5 Things To Know About Jaren Jackson Jr.

5 Things To Know About Jaren Jackson Jr.

NBA

5 Things To Know About Jaren Jackson Jr.

Jaren Jackson Jr. was a stud during his one collegiate season at Michigan State and thanks to the big man’s versatility, he made himself a lottery pick in the 2018 NBA Draft.

Here are five things to know about Jackson as he kicks off his NBA career.

His dad is an NBA champion

Despite going undrafted in 1989, Jackson’s father, Jaren Jackson, played 13 professional seasons with a ton of different NBA teams. Spent four seasons with the San Antonio Spurs from 1997 through 2001 and won an NBA championship in 1999.

The elder Jackson has been a coach as well, as an assistant with the Fort Wayne Mad Ants in the D-League (before it became the G-League), and as a head coach with the Saint John Mill Rats and Ottawa SkyHawks in the National Basketball League of Canada.

He played at two Indiana high school powerhouses

Jackson started his high school career at Park Tudor, school in Indianapolis. He spent three years there and won two Indiana state titles. Park Tudor is known for producing basketball talent, as Yogi Ferrell and Trevon Bluiett both went there as well.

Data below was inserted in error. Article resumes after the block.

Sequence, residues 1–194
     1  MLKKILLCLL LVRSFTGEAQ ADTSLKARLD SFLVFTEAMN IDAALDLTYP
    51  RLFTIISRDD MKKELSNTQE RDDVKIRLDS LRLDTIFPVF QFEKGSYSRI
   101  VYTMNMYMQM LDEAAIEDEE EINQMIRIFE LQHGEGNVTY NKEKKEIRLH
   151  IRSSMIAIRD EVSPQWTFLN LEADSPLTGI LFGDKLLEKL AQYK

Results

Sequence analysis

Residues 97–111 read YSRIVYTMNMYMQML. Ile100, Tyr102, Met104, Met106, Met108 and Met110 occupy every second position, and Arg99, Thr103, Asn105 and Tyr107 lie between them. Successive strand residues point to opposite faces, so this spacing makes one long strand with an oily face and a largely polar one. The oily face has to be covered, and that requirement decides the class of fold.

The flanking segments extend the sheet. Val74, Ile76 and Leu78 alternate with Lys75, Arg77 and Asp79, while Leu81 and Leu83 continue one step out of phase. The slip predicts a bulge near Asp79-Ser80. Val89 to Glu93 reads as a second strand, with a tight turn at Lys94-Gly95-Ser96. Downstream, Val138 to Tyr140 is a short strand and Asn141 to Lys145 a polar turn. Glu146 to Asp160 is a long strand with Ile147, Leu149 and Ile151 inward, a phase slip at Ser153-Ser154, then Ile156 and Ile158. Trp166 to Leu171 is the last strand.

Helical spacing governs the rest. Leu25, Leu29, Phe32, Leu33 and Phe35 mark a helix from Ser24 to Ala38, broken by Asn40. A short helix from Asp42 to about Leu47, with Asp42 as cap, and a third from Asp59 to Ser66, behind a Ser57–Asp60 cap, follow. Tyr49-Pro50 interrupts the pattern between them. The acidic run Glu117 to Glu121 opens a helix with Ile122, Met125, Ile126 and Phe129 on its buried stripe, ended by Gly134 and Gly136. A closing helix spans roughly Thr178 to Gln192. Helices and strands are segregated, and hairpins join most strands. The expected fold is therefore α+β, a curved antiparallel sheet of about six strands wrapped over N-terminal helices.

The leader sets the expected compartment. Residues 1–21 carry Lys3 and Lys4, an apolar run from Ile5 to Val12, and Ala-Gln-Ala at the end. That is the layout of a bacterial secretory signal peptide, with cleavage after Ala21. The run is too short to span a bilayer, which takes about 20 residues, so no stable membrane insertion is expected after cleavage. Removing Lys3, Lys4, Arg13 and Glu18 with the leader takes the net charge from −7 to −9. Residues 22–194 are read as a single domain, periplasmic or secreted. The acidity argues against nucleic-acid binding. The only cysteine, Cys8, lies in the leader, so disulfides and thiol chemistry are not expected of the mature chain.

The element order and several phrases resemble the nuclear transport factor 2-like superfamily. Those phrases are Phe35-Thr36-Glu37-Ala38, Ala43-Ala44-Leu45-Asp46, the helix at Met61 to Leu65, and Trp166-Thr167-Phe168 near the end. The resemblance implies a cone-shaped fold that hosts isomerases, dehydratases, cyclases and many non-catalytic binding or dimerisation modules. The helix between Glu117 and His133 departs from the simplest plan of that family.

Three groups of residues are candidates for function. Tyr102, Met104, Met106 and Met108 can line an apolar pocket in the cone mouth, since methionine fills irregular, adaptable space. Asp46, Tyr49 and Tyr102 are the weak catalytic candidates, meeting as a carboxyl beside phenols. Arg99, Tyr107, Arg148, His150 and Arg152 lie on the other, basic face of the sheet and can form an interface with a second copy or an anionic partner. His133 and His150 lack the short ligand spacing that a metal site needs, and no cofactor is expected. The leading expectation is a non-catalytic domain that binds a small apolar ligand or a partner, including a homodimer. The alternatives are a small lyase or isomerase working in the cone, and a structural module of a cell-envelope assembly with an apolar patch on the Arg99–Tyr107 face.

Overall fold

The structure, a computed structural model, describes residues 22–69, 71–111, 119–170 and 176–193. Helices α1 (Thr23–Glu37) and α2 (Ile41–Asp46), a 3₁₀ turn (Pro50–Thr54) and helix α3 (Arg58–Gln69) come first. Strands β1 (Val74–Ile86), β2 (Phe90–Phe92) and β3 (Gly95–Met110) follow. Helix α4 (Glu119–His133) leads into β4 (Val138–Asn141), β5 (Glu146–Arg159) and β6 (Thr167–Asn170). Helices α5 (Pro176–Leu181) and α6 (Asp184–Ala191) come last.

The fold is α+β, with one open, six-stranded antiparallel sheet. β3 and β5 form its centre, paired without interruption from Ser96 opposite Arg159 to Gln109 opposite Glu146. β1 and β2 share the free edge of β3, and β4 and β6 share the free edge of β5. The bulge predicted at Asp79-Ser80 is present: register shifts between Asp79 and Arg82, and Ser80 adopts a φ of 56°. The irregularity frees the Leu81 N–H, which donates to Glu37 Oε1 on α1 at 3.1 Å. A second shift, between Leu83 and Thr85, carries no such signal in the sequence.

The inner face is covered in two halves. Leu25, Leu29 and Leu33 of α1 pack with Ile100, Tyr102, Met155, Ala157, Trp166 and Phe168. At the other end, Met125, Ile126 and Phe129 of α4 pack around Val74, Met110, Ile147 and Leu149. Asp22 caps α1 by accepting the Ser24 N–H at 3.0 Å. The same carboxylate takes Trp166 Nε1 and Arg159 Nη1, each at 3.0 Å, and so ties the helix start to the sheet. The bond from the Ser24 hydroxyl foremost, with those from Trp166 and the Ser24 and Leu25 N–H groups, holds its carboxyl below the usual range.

For his senior year, Jackson transferred to La Lumiere in LaPorte, Indiana. La Lumiere is another basketball powerhouse that is consistently ranked in the top 10 nationally.

He’s a versatile, unique talent

Jackson is a shade under 6’10” with a ridiculous 7’5″ wingspan. Despite his size, he can play on the perimeter as well. He averaged 10.9 points and 5.8 rebounds in his one collegiate season at Michigan State. He hit 51.3 percent of his shots from the field and 39.6 percent from 3-point range. His 79.7 percent free throw shooting is good sign for his future as a shooter at the next level.

Defense is his calling card right now

Jackson uses his frame to his advantage on the court, specifically on defense. At just a hair under 6’10” and with more than a 7’5″ wingspan, he’s a shot-blocking machine. Jackson averaged 3.15 blocks per game in college and a ridiculous 5.69 blocks per 40 minutes. It’s no surprise he was named the Big Ten Defensive Player of the Year in 2018, and the Big Ten Freshman of the Year.

He has already made his mark for Team USA

Jackson played for the U.S. under-17 basketball squad and won a gold medal at the 2016 FIBA World Championships. He averaged 4.3 points, 5.2 rebounds and 1.2 blocks per game. He also played for the USA Junior National Select Team at the 2017 Nike Hoop Summit in Portland. He had 13 points and nine rebounds in 25 minutes off the bench in that game.

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